Buying and selling houses during lockdown: to move or not to move?

We’ve seen a lot of articles and blogs on this topic and thought we’d offer a bit more detail.

Covid-19 and the current lockdown situation has of course caused concern for everyone, but what if you are due to move house? What are the implications of the lockdown: should you exchange contracts if you haven’t yet, what happens if you have exchanged but don’t want to move during lockdown, and what risks are there if you don’t go ahead ?

The Government has advised people who are buying and selling homes to do whatever they can to put any transactions on hold.

On 26 March 2020, the government issued guidance for people who are in the process of buying and selling properties, based on measures that had previously been announced by the housing minister.

They have said that there is no need to pull out of any transactions already underway, but that purchases should only continue currently if they are moving into a property which is already empty.

So, what if the property is occupied? House purchases are often part of an interdependent chain so…. All parties are encouraged to do all they can to agree alternative dates to move, looking to a time when the stay-at-home measures will be relaxed by the government.

There are of course exemptions for any home moves which are thought to be critical such as where a new date cannot be agreed but of course, social distancing must be observed at all times.

If any of the buyers or sellers are self-isolating, then the parties should again prioritise reaching an agreement to change the move date.

The legal stuff

If you have not yet exchanged contracts, you may wish to speak to your conveyancer about negotiating the terms surrounding completion with the other party, to make it suitable to the situation and to protect your position, although it would be impossible at the current time to foresee every possible situation. Prior to exchange, the contract is not binding and in the majority of circumstances, the parties can walk away without consequence.

However, if you are inclined to exchange contracts during this time, then you should consider carefully the implications this may have and whether additional provisions need to be included in the contract. Your conveyancer will be able to help you here.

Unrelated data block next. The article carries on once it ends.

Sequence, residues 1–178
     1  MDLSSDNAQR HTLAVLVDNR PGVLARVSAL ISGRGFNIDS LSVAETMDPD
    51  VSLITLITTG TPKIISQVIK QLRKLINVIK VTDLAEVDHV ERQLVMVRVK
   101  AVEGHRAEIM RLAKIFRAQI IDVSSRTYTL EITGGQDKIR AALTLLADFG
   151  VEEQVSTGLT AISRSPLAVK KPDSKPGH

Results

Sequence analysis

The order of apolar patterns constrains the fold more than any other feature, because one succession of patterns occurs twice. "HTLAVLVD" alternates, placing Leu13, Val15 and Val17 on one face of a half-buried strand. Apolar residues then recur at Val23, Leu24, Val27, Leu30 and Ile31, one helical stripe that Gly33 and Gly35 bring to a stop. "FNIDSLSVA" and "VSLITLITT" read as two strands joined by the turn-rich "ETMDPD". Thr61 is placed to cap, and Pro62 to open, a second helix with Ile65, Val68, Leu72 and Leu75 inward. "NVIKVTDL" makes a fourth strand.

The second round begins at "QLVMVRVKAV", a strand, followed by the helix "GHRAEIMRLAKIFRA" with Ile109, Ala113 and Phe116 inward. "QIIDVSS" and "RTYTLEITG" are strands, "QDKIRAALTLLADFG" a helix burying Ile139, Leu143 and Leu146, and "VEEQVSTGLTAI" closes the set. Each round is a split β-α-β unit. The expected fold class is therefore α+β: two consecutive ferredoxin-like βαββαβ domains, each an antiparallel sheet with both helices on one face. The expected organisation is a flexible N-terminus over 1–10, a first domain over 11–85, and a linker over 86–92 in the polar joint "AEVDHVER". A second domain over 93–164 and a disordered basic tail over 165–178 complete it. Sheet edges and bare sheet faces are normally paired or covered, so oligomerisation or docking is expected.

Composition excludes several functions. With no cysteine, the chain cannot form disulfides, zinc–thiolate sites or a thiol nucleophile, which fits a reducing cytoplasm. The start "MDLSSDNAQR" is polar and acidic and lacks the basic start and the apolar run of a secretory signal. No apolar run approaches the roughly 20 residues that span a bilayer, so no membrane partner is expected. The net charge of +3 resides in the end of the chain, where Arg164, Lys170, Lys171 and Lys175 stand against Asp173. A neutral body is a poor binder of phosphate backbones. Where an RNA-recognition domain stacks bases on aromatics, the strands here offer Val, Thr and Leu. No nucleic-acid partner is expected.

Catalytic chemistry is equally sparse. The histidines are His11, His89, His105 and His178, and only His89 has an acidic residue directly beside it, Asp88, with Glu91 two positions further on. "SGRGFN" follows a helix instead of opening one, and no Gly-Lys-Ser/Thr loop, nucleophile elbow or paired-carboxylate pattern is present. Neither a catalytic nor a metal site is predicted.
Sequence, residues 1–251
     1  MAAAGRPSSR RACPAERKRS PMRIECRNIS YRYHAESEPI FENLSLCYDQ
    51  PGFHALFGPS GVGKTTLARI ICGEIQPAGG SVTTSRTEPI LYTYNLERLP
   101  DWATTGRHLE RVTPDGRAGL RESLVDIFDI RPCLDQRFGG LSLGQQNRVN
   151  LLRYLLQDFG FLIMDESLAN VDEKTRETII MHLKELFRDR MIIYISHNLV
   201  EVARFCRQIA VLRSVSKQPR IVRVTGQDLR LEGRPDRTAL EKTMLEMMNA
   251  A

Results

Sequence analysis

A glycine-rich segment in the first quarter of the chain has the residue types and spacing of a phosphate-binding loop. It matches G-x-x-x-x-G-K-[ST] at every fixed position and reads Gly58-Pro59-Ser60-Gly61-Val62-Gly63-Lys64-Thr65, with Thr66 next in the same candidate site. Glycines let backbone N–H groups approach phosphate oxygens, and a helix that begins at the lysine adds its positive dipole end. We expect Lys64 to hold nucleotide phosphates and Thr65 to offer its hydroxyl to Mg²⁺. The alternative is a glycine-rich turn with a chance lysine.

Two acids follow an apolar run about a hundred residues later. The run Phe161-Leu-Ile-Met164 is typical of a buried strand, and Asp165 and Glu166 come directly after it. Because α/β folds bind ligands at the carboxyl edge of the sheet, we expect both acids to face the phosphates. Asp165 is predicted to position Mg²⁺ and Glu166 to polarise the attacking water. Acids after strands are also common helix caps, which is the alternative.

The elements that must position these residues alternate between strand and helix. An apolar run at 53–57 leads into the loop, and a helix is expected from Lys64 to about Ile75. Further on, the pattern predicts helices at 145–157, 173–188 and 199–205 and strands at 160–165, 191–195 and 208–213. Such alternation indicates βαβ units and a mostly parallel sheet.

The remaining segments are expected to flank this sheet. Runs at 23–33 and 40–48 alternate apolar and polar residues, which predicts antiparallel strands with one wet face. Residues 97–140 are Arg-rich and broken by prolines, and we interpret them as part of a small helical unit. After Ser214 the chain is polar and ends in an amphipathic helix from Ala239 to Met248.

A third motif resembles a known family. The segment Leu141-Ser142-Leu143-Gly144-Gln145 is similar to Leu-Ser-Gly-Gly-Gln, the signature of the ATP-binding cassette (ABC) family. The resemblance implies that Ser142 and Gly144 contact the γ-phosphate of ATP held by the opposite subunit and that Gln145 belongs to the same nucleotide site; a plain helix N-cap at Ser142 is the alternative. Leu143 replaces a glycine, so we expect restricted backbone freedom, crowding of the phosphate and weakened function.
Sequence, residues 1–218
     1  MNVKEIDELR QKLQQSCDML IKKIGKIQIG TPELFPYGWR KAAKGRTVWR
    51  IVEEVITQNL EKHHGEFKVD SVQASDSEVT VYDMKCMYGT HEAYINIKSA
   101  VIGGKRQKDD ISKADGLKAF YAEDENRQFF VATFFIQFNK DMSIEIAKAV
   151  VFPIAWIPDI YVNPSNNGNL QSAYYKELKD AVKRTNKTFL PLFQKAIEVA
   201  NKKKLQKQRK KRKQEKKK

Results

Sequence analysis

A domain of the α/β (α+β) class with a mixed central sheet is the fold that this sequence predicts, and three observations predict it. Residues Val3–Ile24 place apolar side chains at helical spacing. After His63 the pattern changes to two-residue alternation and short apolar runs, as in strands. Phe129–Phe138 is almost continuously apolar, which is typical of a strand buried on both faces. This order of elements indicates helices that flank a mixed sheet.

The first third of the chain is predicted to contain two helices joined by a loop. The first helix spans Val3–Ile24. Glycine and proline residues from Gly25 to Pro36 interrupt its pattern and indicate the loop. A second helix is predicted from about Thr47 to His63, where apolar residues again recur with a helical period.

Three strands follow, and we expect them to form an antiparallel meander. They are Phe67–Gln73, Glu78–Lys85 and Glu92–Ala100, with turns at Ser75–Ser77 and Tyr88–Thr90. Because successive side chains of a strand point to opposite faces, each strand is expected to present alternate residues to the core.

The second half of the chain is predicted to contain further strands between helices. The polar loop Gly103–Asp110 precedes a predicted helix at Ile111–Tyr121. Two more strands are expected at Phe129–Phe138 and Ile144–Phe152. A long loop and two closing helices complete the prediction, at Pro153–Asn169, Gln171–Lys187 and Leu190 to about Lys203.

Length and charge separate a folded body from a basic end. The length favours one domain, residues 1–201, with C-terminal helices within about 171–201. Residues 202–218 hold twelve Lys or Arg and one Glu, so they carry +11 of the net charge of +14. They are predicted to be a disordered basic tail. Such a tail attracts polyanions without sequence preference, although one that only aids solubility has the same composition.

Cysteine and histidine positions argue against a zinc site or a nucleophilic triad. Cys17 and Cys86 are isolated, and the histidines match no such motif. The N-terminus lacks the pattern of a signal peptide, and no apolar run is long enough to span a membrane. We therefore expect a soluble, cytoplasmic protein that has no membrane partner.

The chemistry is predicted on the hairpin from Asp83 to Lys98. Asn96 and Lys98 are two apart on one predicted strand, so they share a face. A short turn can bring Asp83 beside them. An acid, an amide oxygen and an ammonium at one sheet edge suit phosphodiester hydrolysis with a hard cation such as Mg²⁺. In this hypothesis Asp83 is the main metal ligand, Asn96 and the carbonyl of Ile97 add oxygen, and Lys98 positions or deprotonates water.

If you have already exchanged contracts, then your first point of contact should be your conveyancer and the other party to discuss any implications of what has already been agreed and signed.

Once contracts have been exchanged, you have legally committed to complete and therefore would be at risk of breaking the contract, with the party breaking the contract being in default. However, with agreement from both parties, it is simple to agree to vary the terms of the contract, maybe by adding a clause that delays the move by a set amount of time.

If the move forms part of a chain, this will need to be considered very carefully as there will be a higher risk of a breach and incurring a penalty, however the conveyancers should aim to provide the same solution down the chain, and let the risk fall in the same place on each property.

Inevitably, however, there may be one or more properties in the chain insisting on taking a stand to gain an unfair advantage.

If one party is determined to complete, and the other is not, the party ready to complete can serve notice on the non-completing party allowing them further time (usually 10 working days unless this has been changed in the contract) to complete. During this time, interest will start to kick in and will apply until completion takes place.

If this time period runs out, the party willing to complete can terminate the contract. If a deposit was paid on exchange, the selling party would be entitled to keep this if they are ready to complete, and in the alternative, if the buyers are willing to complete but the sellers are not, they would be entitled to a full refund of the deposit money paid.

Your conveyancer or solicitor should also consider whether any force majeure clauses in the contract can apply, as a move may not be possible due to the “unforeseeable event” that is the pandemic the country is now facing. Whilst Covid-19 was not a foreseeable event a few weeks ago, any exchanges that have taken place recently may not be able to rely on this, as it is now a foreseeable event.

The bottom line is, if you have not yet exchanged, it may be time to reconsider and negotiate this for a time when things are more certain.

Already have a mortgage in place?

UK Finance has announced, on 26 March 2020, that mortgage lenders would allow home movers who have already exchanged contracts to extend their mortgage offers for three months, which therefore means they can delay the move for up to three months.

What about the people who help with moving?

The government has said that conveyancers should continue to support the sales of unoccupied properties and advise clients not to exchange contracts until the risks have been considered fully.

Surveyors should not carry out non-urgent surveys and should not conduct any surveys where people are self-isolating.

Removal firms have been strongly recommended to complete any moves that are already underway and cancel or suspend any that have not yet started. However, the decision as to whether to continue rests entirely with the individual companies.

 

In these uncertain times, the best advice is to speak to your solicitor so that you can consider all of the options and the risks.

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